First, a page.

Michaela Meise’s new works depict feeling with the body. In two watercolors, we see an octopus, originally a naked animal that constructs a shell with what it finds on the ground. Like the octopus, society appears to be donning a new body in recent years. The octopus is a brain in motion that adapts its body to the constantly changing environment, protecting and expanding itself by appropriating ever new found objects.
The bodies in the works of Michaela Meise are symbols of transformation. They renew themselves over time – the time we need to quiet down, to feel what the skin senses, to hear what resounds in stillness. In a time of isolation, like during the corona crisis of the past months, one is no longer socially active and often mentally isolated as well. The particular sensitivity that can arise in such isolation gives us the time and space to perceive experiences in a focused way that we usually wouldn’t get to know and sometimes appear dreamlike. The exhibition title “still” can also be read as “film still”, as a standstill in the flow of the passage of time in a movie – a frozen situation. A feeling of standstill also emerges in the face of brutal, overwhelming incidents, like the right-wing extremist murders perpetrated in Hanau last year. The stillness of sorrow and shock, embedded in a context of continuity – for the attack was preceded by others. Structures continue to be in place, but networks of affected persons and activists are being formed in parallel. In English, “still” can also mean “now as ever” or “nevertheless.”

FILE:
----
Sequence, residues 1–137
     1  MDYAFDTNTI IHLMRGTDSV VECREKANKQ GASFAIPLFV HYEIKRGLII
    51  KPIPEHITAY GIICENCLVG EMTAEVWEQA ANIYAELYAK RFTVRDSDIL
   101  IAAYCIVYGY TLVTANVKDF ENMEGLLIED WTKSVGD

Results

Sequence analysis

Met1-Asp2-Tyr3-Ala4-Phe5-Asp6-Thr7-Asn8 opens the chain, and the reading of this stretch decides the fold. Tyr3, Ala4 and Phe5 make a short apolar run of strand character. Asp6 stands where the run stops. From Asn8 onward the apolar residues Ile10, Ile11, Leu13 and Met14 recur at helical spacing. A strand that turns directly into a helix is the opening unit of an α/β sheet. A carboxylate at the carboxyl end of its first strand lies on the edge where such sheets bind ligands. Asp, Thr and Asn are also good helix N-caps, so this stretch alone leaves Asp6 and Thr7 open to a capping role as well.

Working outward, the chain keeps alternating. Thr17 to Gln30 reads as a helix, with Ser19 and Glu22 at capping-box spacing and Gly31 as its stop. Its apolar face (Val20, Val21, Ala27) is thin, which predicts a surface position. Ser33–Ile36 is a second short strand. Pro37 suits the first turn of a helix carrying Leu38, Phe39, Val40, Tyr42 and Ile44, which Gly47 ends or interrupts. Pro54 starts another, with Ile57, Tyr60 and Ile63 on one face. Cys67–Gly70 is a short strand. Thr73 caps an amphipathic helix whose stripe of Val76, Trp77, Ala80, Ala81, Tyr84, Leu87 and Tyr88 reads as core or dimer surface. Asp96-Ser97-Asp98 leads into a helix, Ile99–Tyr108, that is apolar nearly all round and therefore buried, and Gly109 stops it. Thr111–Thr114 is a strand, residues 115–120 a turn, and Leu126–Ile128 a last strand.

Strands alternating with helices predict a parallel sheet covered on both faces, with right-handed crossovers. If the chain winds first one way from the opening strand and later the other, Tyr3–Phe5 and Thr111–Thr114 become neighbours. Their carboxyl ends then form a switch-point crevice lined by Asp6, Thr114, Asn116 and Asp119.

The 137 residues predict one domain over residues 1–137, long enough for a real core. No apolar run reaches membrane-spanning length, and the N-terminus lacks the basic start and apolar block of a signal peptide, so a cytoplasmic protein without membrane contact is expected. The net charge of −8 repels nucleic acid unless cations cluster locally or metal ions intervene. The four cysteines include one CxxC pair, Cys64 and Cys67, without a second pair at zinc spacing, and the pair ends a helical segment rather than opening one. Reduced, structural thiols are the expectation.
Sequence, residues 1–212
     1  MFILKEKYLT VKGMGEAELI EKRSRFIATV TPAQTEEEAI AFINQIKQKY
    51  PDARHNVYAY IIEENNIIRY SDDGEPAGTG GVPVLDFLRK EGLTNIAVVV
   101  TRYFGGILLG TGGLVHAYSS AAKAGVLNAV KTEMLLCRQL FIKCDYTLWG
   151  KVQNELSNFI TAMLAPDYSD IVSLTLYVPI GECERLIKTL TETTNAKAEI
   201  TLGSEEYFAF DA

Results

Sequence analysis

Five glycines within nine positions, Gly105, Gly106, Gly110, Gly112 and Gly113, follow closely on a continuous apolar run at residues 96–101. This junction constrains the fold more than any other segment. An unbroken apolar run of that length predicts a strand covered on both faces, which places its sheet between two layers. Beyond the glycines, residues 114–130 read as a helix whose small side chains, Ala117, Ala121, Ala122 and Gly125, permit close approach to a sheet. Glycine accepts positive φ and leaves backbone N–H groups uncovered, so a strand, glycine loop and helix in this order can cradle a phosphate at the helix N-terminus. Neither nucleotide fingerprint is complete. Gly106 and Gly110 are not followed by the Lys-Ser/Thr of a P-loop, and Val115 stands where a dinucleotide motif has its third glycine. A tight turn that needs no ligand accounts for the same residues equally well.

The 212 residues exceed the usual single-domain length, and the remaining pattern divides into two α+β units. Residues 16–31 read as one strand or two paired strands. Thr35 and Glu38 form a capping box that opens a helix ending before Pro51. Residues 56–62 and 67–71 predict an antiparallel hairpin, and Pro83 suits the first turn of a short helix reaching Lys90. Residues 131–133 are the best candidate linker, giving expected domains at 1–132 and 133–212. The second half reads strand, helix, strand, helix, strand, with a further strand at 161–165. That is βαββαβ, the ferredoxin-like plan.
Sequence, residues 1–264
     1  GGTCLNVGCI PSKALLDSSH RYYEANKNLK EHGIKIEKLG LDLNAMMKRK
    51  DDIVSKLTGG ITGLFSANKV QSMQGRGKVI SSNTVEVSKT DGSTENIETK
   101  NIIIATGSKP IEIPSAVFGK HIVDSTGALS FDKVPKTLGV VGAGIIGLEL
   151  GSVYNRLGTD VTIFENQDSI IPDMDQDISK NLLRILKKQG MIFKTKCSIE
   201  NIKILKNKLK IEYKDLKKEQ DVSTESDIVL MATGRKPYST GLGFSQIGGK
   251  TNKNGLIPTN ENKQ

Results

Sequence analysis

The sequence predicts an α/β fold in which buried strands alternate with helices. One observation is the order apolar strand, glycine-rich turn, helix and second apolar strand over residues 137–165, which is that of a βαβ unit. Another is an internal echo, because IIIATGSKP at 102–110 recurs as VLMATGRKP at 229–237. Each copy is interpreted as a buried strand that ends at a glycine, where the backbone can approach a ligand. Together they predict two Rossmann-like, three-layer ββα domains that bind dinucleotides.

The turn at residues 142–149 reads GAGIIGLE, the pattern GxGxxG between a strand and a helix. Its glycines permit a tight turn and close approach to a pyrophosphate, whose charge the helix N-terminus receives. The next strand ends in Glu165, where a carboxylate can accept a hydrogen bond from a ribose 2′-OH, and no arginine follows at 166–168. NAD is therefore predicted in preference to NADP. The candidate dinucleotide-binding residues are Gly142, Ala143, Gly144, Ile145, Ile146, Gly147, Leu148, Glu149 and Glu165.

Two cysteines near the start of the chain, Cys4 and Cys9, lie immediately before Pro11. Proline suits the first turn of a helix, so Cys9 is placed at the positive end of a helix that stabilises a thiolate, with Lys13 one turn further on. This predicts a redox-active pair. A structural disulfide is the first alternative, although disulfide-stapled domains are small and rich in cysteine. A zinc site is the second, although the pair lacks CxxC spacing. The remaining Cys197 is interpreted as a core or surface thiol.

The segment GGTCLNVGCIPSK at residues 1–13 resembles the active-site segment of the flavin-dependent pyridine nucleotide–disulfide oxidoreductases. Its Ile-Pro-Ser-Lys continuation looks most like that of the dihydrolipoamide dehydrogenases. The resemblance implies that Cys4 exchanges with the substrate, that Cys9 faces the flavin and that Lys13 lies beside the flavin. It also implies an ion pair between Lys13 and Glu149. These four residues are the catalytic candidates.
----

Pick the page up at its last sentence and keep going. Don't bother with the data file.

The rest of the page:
Along with persons and culturally charged fragments, Michaela Meise’s works also feature micro- and macrocosmic processes, or at least models of how we imagine them. The works are often productively grounded in banalities. The displayed breaks give rise to a surreal lightness, so that the addressed themes never appear idealized. Time and again, something appears awkward, humorously shedding light on a mood brought about by a different perspective. Michaela Meise depicts the living conditions of the past months. She draws from daily life as it is given, with recurring connections showing us how we live. What all works have in common is the exploration and depiction of a protective form. Michaela Meise thus creates a space of potentiality in the exhibition that interweaves our everyday reality with other images and offers us possible alternatives.